Effect of hydrophilicity of polyaniline particles on their electrorheology: steady flow and dynamic behaviour.

Citation data:

Journal of colloid and interface science, ISSN: 1095-7103, Vol: 346, Issue: 1, Page: 236-40

Publication Year:
2010
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Citations 22
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Repository URL:
http://publikace.k.utb.cz/handle/10563/1001205; http://hdl.handle.net/10563/1001205
PMID:
20227708
DOI:
10.1016/j.jcis.2010.02.046
Author(s):
Stěnička, Martin; Pavlínek, Vladimír; Sáha, Petr; Blinova, Natalia V.; Stejskal, Jaroslav; Quadrat, Otakar
Publisher(s):
Elsevier BV; Academic Press
Tags:
Materials Science; Chemical Engineering; polyanilin; elektroreologie; ustálený smyk; oscilační režim; hydrofilicita; hydrofobicita; Polyaniline; Electrorheology; Steady shear; Oscillatory mode; Hydrophilicity; Hydrophobicity
article description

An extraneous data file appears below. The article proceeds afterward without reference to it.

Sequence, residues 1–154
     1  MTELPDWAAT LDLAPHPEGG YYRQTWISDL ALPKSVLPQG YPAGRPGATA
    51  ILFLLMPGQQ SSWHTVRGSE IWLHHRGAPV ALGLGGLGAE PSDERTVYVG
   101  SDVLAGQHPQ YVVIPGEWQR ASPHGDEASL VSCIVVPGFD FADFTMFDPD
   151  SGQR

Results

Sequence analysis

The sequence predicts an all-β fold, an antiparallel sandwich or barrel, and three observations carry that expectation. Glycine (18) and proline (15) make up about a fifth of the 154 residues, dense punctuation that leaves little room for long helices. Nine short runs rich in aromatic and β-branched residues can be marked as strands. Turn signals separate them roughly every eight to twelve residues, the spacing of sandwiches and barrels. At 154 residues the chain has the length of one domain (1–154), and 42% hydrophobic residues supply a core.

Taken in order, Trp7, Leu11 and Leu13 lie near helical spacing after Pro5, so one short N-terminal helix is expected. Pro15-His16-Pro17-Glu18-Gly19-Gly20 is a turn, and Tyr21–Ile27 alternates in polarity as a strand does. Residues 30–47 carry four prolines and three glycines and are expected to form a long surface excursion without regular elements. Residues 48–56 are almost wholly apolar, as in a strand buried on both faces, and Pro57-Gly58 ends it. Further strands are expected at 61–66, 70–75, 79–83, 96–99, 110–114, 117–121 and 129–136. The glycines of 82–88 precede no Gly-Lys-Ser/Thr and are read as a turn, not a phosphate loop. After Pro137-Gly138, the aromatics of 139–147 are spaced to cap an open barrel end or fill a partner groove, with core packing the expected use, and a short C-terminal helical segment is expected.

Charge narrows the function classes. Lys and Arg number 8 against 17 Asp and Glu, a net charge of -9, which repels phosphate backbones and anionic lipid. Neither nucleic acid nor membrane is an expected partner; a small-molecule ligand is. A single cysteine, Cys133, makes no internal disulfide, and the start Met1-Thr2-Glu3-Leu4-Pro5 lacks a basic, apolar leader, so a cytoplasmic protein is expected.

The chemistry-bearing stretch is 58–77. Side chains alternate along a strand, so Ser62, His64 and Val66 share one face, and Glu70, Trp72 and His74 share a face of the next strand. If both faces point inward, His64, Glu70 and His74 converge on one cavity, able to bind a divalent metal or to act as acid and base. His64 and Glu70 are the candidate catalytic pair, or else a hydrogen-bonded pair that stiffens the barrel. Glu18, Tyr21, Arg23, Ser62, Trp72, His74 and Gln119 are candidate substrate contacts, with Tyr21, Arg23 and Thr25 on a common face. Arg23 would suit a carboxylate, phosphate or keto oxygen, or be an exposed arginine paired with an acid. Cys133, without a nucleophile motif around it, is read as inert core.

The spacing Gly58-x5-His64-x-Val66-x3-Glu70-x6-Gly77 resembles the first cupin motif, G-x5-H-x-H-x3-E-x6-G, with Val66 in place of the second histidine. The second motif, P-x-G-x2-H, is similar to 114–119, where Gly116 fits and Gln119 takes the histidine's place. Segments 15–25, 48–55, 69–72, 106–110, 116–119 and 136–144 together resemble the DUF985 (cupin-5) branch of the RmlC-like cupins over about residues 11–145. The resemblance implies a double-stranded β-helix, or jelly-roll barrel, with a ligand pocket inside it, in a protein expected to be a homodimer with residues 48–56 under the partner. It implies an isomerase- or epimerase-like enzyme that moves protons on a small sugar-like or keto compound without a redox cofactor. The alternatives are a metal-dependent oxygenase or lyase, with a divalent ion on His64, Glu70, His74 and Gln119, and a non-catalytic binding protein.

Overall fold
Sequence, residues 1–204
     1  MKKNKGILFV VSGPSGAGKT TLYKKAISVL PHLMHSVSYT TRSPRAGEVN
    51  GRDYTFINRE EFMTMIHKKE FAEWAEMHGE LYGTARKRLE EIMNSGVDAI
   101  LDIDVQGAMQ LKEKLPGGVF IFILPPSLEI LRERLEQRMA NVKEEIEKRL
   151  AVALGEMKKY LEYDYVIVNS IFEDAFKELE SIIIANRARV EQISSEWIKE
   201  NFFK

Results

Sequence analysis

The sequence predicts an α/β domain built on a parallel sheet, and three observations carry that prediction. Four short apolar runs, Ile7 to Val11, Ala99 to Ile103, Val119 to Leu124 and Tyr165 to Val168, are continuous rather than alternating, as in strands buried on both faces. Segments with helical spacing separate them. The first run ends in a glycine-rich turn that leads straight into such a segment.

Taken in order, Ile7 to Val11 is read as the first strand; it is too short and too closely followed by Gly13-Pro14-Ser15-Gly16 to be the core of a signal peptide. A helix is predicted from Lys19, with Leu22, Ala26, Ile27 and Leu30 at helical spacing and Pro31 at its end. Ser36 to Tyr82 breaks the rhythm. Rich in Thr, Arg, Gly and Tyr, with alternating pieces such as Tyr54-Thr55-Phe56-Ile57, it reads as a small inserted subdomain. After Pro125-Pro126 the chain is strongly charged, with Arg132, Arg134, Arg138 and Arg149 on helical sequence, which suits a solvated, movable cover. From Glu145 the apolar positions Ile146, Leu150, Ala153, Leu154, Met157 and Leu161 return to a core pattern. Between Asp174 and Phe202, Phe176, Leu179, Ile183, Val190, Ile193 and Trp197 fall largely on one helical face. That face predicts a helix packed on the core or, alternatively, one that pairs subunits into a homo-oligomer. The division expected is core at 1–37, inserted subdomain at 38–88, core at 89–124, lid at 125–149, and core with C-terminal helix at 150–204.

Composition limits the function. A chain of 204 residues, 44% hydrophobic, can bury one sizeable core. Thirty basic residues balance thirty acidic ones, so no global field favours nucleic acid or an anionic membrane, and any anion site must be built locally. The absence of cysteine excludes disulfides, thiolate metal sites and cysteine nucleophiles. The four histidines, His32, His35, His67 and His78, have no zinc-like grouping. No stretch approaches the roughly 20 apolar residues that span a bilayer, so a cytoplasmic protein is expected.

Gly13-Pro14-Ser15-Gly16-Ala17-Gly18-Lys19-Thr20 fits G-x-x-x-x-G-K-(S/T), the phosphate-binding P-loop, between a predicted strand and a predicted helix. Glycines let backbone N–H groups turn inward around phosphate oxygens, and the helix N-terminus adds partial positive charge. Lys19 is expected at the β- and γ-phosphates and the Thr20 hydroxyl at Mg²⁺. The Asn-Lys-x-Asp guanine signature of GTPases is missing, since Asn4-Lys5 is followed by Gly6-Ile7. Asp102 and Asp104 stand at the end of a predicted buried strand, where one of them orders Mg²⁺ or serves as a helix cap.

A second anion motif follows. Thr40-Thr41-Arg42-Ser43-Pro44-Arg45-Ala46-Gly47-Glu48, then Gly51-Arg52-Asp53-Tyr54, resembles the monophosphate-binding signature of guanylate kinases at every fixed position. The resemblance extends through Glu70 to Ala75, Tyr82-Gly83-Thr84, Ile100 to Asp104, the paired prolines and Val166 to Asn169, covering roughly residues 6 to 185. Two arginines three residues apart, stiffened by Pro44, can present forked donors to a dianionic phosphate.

Electrorheological properties of suspensions are considerably affected by hydrophilicity of suspension particles. As a model material, polyaniline base powder protonated with sulfamic, tartaric, or perfluorooctanesulfonic acids provided particles of various hydrophilicity. The experiments revealed that, in the absence of electric field, due to a good compatibility of hydrophobic polyaniline particles with silicone-oil medium, their interactions were limited and the viscosity of suspension was low. When the electric field was applied, the rigidity of the polarized chain structure of the particles increased and, consequently, viscosity increased as well. In the contrast, the field-off suspension viscosity of highly interacting hydrophilic particles, which are incompatible with the oil, and where particle aggregation may set in, was high especially at low shear rates, and the material had a pseudoplastic character. Then, a relative increase in viscosity due to the polarization of the particles or their clusters in the electric field was much lower than in the former case. Due to a different primary structure of suspension, depending on the particle compatibility with the oil the field-off storage modulus of suspensions of hydrophobic particles was lower than the loss modulus, while in suspensions of hydrophilic particles the former modulus dominated. In both cases, an increase in elasticity with increasing electric field strength was higher than that in viscosity.